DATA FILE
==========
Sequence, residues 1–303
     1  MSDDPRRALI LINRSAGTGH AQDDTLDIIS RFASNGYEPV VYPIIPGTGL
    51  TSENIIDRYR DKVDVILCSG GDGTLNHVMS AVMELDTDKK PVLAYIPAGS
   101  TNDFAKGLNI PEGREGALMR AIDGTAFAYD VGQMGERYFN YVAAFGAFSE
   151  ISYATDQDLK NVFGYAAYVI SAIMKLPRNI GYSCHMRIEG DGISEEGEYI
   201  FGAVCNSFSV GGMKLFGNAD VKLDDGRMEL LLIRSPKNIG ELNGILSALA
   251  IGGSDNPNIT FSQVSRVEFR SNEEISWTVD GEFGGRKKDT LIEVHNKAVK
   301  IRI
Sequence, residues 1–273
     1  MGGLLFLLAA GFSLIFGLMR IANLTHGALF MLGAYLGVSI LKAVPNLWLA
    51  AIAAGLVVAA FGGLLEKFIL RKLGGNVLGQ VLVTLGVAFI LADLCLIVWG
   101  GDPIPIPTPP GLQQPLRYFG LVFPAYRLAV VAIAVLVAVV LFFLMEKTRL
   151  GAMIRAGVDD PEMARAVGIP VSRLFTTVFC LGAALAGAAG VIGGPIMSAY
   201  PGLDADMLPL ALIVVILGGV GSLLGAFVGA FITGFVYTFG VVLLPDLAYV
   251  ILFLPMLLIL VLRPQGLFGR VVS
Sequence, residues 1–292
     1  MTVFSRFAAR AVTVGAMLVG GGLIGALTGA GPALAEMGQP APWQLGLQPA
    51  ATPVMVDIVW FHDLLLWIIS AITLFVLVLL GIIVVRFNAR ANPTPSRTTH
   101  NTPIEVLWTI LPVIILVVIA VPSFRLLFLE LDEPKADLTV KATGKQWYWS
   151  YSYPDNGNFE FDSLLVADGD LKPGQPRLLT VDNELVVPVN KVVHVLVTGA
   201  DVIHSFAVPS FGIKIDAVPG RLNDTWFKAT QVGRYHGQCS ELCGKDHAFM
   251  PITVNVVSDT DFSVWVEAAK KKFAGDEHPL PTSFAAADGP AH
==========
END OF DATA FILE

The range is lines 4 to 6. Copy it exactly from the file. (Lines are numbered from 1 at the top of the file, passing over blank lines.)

   101  TNDFAKGLNI PEGREGALMR AIDGTAFAYD VGQMGERYFN YVAAFGAFSE
   151  ISYATDQDLK NVFGYAAYVI SAIMKLPRNI GYSCHMRIEG DGISEEGEYI
   201  FGAVCNSFSV GGMKLFGNAD VKLDDGRMEL LLIRSPKNIG ELNGILSALA